Mad Mouse, 1999
Not that it would make business sense, but let's look at the gaps between coasters and assume that amusement parks set a precedent for themselves by getting coasters at set intervals, 9 years, 6 years, 4 years, two the next year and then one 9 years later. That averages out to about one coaster every four or five years. That does not seem like a park that gets no attention. And if we were to follow that trend it would mean that a coaster would have been due last year or this year. It still would be within the realm of this silly park sets a precedent for itself theory for it to get a new coaster sometime between now and 2017 even if it did not happen until 2017 because the longest streak the park has gone without adding a new coaster since the first coaster was built at this park is nine years.
Now lets continue to throw business sense out the window and base the average coaster per year of park existence. The park opened in 1956, 57 years ago. That averages into one coaster about every eight or nine years. So again, following even this flawed logic, the park is not due for a big coaster until 2016 or 2017.
No matter how you look at it, the park in and of itself as an individual entity is not due for a coaster either based on historical trending or business sense as discussed in this thread earlier. So what logic does this leave us with?
Jeff. I don't know why people continue to believe that Michigan's Adventure was a water park before Shivering Timbers arrived. That is not the case. It was just an amusement park. The water park was not added until after The Wildcat was built was built in 1988. It has always been an amusement park, with a water park added to it. The management has unfortunately spent more money building up the water park, then they have spent on adding rides, obviously because the water park makes them a ton of money, on top of park admission. Mainly on locker and tube rentals.The Jourden's actually spent more time balancing out both sides of the park.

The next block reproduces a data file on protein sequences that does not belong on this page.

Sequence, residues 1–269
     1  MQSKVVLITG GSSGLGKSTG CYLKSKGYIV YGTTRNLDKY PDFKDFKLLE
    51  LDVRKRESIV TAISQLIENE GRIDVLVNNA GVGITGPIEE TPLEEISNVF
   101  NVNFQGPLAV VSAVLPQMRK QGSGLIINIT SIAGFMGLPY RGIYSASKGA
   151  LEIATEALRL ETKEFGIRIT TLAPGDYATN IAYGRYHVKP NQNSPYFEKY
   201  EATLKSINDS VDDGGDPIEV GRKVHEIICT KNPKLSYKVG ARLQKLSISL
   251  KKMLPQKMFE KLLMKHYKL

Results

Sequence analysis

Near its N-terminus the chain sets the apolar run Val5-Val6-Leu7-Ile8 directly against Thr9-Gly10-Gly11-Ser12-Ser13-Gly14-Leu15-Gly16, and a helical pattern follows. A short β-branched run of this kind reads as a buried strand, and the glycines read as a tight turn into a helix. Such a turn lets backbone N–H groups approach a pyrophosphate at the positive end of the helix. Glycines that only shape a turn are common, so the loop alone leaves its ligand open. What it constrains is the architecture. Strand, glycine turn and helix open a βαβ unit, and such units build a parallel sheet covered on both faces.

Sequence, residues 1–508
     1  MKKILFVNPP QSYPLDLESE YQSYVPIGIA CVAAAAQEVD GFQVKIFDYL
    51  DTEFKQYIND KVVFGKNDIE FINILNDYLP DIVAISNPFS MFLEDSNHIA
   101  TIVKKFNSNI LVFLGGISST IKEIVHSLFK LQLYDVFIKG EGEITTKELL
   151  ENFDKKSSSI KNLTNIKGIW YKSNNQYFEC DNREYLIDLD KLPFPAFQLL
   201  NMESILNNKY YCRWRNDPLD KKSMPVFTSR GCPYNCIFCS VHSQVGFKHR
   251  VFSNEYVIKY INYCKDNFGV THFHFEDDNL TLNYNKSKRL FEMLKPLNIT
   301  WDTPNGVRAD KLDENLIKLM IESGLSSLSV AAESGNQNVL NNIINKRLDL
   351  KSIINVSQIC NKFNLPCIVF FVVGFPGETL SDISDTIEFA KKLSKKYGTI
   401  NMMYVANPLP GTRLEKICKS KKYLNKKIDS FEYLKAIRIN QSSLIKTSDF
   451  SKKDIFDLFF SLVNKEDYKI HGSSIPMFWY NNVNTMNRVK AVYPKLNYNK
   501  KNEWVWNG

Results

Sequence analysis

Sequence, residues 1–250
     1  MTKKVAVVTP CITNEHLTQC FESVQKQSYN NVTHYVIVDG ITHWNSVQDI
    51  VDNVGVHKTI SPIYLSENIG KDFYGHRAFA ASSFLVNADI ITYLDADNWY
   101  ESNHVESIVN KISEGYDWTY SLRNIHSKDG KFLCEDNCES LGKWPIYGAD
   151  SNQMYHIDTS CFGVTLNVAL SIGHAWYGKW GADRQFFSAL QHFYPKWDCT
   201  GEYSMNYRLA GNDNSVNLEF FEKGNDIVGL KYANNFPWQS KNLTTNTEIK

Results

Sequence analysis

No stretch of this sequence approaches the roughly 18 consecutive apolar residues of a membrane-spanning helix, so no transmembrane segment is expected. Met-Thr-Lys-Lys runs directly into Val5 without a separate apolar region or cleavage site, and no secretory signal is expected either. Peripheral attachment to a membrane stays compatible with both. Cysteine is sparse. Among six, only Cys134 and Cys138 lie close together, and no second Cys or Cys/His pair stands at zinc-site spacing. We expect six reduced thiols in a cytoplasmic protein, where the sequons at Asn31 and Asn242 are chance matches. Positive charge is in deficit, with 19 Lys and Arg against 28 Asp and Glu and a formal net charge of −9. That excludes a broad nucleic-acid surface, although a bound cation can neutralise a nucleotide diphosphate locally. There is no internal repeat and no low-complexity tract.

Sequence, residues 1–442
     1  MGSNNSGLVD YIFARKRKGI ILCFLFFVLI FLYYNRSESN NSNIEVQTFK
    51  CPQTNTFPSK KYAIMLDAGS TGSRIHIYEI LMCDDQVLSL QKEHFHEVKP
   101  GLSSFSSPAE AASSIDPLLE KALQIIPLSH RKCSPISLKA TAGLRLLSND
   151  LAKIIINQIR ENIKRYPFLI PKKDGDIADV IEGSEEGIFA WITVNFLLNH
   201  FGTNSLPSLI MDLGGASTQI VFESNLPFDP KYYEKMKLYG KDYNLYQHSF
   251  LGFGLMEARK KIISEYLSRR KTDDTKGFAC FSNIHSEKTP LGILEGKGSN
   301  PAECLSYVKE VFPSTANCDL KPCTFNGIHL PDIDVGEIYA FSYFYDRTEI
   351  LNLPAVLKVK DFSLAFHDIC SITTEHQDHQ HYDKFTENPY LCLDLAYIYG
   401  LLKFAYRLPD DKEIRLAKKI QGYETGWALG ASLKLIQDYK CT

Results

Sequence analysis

I didn't do it! I swear!!
I don't understand why you're so in denial about what the park is. I really don't. If you can walk on to Timbers in the middle of the day, and the lines are long for the water park, it's primarily a water park with some really nice rides. I'd almost say the same thing about Dorney. The rides come in handy in the shoulder season, when it's too cold to use the water park.
Exactly - if the waterpark is where you're making your money, it only makes sense that the waterpark is where you're investing for the future...
Besdies, if MiA could support bigger rides, they would have built them already. ;)
Hobbes: "What's the point of attaching a number to everything you do?"
Calvin: "If your numbers go up, it means you're having more fun."
I'd say the same thing about Holiday World, too. Comparing my first visit in 2002 to this past year, the water park is now the majority of the park. Sure, there were some additions like Thanksgiving, some old rides were replaced with newer ones. However, the waterpark keeps growing, to the point that it has its own gravitational field strong enough to suck in Pilgrims Plunge and rename it Giraffica.
If that's what is making the money, why invest it somewhere else that doesn't?
The management has unfortunately spent more money building up the water park, then they have spent on adding rides, obviously because the water park makes them a ton of money, on top of park admission.
Silly management, spending money on things that make more money. How will they ever stay in business?
Life is something that happens when you can't get to sleep.
I had to vote ^that^ up because of the juxtaposition with the profile pic...seriously.
I am a Marxist, of the Groucho sort.
Life is something that happens when you can't get to sleep.
I myself am a Lennonist (of the John sort).